Good work starts with a good foundation. So here we go.
Last year I decided it was time, if ever, for me to start building a garden railroad in the backyard. With “retirement”, my love of railroads, and Terri’s love of gardening and crafts, it seemed like the thing to do.
The commitment actually started last year when I bought a G-scale locomotive on eBay — no track, but I got the locomotive — which has just been a reminder of the commitment in our living room.
I became doubly committed this week when I went to Lowes and got the first pallet load of concrete retaining wall blocks. For this building project our initial layout will be in the backyard in a raised area approximately 12 feet by 24 feet. For me, it just needs to be a raised area, because my knees are 68 years old already, and I expect to continue with building and maintaining for years to come.
I didn’t calculate the weight of a pallet load of 6 X 16 retaining wall blocks before going to Lowes. At 3200 pounds, I have to admit it overloaded the Dodge Ram, but for a careful 1 mile transport it seemed OK. After moving the 3200 pounds to the backyard, it still seemed OK. I described the operation as “surprisingly pleasureful.” Once again, I’m practicing the skills and work of my youth, and I’m pleased that I can do it.
In our travels, we’ve seen some impressive garden railroads in public gardens. The most impressive resides in Lauritzen Gardens at Omaha, Nebraska. Here’s a view of that railroad:
For Terri’s birthday, she asked for sand and gravel. Actually, it was sand, gravel, cement, and experienced labor. I accepted the challenge, and now reap the benefits of daily exercise.
In recent years, Terri has been using large concrete paving stones in the garden of this design:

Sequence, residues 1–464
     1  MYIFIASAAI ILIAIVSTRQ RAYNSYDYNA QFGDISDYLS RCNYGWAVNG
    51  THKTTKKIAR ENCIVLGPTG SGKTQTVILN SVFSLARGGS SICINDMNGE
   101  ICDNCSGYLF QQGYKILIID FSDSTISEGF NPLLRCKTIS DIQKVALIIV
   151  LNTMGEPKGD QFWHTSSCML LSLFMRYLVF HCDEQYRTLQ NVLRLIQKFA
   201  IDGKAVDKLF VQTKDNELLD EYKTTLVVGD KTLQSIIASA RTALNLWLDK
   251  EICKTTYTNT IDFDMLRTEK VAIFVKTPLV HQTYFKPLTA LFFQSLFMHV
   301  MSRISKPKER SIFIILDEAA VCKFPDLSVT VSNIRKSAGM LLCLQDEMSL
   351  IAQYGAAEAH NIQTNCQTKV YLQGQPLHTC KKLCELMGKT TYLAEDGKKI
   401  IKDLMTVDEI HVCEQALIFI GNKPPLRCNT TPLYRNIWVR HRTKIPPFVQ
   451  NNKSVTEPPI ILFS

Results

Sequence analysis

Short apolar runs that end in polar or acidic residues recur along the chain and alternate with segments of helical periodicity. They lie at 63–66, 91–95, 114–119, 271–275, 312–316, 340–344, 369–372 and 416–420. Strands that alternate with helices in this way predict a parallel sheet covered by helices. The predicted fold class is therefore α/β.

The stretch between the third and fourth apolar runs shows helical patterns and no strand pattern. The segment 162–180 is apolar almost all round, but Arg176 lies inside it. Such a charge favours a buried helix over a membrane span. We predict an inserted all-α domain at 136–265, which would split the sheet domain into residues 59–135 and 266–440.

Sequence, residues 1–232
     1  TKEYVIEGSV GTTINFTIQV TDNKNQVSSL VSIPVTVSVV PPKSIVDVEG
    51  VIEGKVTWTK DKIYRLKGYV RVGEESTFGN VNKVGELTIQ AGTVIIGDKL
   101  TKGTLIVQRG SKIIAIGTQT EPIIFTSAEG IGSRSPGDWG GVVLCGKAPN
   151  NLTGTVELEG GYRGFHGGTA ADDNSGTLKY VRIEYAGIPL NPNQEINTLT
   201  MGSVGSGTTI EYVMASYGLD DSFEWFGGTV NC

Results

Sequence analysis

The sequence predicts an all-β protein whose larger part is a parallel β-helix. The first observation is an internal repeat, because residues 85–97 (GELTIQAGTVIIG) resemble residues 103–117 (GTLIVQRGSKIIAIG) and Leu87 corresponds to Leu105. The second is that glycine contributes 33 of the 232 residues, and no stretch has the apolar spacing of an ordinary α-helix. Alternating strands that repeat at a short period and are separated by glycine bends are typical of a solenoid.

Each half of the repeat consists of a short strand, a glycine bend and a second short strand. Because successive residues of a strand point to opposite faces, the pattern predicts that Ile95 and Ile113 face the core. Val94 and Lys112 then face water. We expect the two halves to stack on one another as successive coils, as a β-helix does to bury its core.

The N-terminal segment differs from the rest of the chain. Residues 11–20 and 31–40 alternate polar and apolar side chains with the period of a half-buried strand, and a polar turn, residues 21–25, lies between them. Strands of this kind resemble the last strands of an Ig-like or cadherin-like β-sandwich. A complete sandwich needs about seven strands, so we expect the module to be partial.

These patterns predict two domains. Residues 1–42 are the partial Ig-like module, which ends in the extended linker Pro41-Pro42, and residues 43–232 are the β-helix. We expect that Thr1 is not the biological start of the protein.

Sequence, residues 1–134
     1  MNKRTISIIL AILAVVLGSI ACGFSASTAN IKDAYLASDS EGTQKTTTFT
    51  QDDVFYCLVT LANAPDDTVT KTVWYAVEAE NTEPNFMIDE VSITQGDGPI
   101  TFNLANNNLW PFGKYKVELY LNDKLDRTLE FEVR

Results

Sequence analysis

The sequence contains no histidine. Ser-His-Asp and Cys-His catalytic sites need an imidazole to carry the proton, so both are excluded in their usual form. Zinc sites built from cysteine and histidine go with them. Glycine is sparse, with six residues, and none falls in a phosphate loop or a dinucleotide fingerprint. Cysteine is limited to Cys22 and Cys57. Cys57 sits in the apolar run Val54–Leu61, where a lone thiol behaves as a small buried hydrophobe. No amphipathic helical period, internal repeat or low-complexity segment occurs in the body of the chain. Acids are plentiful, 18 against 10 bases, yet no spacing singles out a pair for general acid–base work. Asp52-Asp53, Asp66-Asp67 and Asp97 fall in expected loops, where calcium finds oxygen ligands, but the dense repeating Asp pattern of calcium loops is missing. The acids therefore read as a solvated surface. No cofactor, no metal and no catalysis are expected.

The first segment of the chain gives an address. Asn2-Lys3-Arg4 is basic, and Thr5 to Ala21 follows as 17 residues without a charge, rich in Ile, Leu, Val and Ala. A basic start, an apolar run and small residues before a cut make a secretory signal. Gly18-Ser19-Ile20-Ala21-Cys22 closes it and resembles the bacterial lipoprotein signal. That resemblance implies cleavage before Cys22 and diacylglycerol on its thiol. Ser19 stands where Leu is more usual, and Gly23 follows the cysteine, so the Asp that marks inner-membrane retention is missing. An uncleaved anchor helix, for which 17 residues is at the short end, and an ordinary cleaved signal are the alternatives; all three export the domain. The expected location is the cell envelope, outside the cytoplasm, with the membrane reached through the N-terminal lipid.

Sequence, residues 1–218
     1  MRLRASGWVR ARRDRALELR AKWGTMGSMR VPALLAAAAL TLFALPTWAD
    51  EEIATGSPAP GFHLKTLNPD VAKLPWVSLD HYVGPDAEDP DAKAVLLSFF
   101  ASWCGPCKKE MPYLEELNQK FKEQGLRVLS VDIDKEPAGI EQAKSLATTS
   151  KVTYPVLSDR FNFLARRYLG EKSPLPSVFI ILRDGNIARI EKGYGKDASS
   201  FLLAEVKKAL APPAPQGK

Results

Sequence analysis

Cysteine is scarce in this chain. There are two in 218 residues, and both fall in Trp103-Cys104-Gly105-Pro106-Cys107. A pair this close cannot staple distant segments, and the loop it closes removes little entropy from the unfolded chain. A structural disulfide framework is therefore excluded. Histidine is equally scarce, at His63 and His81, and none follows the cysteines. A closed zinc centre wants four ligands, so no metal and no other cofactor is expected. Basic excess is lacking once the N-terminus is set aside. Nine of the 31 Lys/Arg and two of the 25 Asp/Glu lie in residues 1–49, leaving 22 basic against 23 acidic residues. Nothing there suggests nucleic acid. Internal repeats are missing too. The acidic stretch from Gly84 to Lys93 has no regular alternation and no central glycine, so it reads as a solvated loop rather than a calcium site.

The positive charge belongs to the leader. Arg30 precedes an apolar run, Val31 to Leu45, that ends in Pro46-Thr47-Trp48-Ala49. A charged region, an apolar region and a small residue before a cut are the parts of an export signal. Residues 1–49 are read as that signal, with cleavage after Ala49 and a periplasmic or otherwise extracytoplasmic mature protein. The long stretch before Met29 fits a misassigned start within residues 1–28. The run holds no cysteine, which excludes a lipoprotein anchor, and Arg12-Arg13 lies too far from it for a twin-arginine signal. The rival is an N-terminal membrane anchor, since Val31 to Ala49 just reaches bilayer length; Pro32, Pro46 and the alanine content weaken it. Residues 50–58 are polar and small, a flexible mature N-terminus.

For her current project, a patio for a fire pit, she wanted 60 more, but her local source was gone. Enterprising girl that she is, she acquired three forms for casting the blocks, and then asked her dedicated partner for help.
I’ve got a bit of experience in this area. Old experience. My early career with sand, gravel and cement was with Dennis Company of Raymond, Washington (1968-1972). There, I was privileged to gain lots of life skills. Among many other tasks, as a teen I operated the concrete batch plant, and delivered building materials.
In the storage shed next to the feed store, we would sometimes cast pier blocks in steel forms with the tag ends of premixed concrete left in the trucks. Bruce Dennis hated seeing that concrete go to waste, so when inventory of pier blocks was low, we oiled up some forms and poured some more. That was pretty simple manufacturing.
Though I’ve noticed that the work is harder than it was 50 years ago, it does seem that Terri found someone with applicable experience.
The forms shown above are glistening with special form release agent that I brushed on prior to pouring concrete this morning. Somehow I knew the recipe for that release agent. If you need some, it is 50% motor oil and 50% mineral spirits (paint thinner). It works just as well as it did fifty years ago.